Picture of Open Access badges

Discover Open Access research at Strathprints

It's International Open Access Week, 24-30 October 2016. This year's theme is "Open in Action" and is all about taking meaningful steps towards opening up research and scholarship. The Strathprints institutional repository is a digital archive of University of Strathclyde research outputs. Explore recent world leading Open Access research content by University of Strathclyde researchers and see how Strathclyde researchers are committing to putting "Open in Action".


Image: h_pampel, CC-BY

Ultrafast technologies for photonic networks

Prucnal, Paul R. and Baby, Varghese and Xu, Lei and Glesk, Ivan (2004) Ultrafast technologies for photonic networks. Proceedings of SPIE - The International Society for Optical Engineering, 5595. pp. 244-248. ISSN 1996-756X

Full text not available in this repository. (Request a copy from the Strathclyde author)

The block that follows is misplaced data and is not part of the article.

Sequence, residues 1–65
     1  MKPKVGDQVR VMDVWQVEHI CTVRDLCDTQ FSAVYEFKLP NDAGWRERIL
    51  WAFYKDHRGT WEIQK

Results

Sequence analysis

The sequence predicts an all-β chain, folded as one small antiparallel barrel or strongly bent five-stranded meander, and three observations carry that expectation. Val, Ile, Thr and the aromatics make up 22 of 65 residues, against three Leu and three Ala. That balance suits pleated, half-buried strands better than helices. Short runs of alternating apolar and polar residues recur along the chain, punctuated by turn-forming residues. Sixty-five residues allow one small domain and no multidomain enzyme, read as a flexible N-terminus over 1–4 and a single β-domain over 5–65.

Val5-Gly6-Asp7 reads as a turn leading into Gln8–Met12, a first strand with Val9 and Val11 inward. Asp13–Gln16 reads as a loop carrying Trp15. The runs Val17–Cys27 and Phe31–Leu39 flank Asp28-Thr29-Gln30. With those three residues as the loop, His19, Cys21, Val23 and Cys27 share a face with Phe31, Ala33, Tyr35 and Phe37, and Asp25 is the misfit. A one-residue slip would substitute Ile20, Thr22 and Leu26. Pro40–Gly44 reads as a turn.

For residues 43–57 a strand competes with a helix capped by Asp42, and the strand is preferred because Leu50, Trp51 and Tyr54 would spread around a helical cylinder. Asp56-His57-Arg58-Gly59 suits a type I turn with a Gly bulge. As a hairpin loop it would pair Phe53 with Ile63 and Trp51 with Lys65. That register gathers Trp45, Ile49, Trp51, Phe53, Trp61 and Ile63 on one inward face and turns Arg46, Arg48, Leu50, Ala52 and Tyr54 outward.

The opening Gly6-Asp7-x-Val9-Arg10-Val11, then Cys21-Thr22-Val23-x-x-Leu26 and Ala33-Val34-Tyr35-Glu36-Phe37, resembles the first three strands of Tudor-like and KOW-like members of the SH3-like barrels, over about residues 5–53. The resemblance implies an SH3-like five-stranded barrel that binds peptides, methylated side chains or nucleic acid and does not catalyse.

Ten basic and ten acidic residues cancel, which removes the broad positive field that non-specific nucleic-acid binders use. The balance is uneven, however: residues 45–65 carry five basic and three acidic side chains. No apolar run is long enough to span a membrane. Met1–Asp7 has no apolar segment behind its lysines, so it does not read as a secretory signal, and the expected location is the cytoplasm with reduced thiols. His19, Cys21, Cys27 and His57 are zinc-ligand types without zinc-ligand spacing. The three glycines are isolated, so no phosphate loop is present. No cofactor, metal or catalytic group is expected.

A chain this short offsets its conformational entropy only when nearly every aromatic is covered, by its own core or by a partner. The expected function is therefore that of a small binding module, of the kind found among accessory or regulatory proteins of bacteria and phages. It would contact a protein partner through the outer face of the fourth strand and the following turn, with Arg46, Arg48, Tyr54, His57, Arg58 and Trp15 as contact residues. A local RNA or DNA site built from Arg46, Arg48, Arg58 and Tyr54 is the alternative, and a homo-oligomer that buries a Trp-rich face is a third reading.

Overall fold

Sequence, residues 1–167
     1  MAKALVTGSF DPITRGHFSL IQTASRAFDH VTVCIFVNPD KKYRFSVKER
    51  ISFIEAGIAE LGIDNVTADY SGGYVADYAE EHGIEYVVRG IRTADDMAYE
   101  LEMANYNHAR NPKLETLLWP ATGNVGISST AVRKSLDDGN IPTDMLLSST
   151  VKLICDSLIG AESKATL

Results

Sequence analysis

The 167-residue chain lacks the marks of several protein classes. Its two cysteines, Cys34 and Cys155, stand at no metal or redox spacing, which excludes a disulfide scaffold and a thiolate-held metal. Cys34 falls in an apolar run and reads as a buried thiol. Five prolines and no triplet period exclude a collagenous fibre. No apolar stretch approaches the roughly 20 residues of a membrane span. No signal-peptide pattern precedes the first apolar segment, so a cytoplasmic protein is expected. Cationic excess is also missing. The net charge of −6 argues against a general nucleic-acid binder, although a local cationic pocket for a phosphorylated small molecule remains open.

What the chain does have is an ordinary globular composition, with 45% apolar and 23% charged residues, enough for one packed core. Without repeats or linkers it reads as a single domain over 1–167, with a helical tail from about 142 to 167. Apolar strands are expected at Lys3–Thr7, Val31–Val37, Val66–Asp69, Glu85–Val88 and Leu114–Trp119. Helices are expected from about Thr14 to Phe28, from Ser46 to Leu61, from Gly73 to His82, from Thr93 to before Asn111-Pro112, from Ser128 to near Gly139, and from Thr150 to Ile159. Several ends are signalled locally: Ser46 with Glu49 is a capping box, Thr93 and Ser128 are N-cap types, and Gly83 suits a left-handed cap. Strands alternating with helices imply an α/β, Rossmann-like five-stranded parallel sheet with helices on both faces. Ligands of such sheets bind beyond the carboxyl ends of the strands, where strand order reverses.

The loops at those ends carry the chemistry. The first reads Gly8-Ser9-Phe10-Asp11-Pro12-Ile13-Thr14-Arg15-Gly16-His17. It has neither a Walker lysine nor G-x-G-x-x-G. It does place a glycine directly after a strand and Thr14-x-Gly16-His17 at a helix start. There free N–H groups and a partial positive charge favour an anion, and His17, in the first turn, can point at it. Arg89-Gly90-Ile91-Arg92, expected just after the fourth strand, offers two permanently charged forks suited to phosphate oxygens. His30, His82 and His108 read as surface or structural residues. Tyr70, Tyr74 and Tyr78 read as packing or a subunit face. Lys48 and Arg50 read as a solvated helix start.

Considerable progress has been in the last decade in the fields of photonic networks and ultra-fast optics. The past few years has seen the widespread use of wavelength division multiplexing (WDM) to provide enormous point-to-point capacity in the backbone and metro area networks. Remarkable progress in electronics, in terms of both costs and performance speeds, has to some extent alleviated the 'electronic bottleneck'. Developments in fiber-optics such as novel fiber types and Raman amplification have opened up additional wavelength regions of operation resulting in great expansion of usable fiber bandwidth. There exist unique opportunities for ultrafast technologies - a subject of much interest in the last decade and reaching a point of maturity - to complement these advances and spark the next generation networks. In our talk, we will mention two networking environments very different from WDM - (1) optical time division multiplexing (OTDM) and (2) optical code division multiple access (OCDMA). We will look at the potential of both these scenarios for different applications, focusing in particular on the latter as an approach that provides maximum flexibility to utilize the immense bandwidth of the optical fiber. We will also describe various ultra-fast technologies that have been developed e.g. .high repetition rate pulsed lasers, ultra-fast optical switches, time delay elements etc. which have a direct relevance to both these types of networks.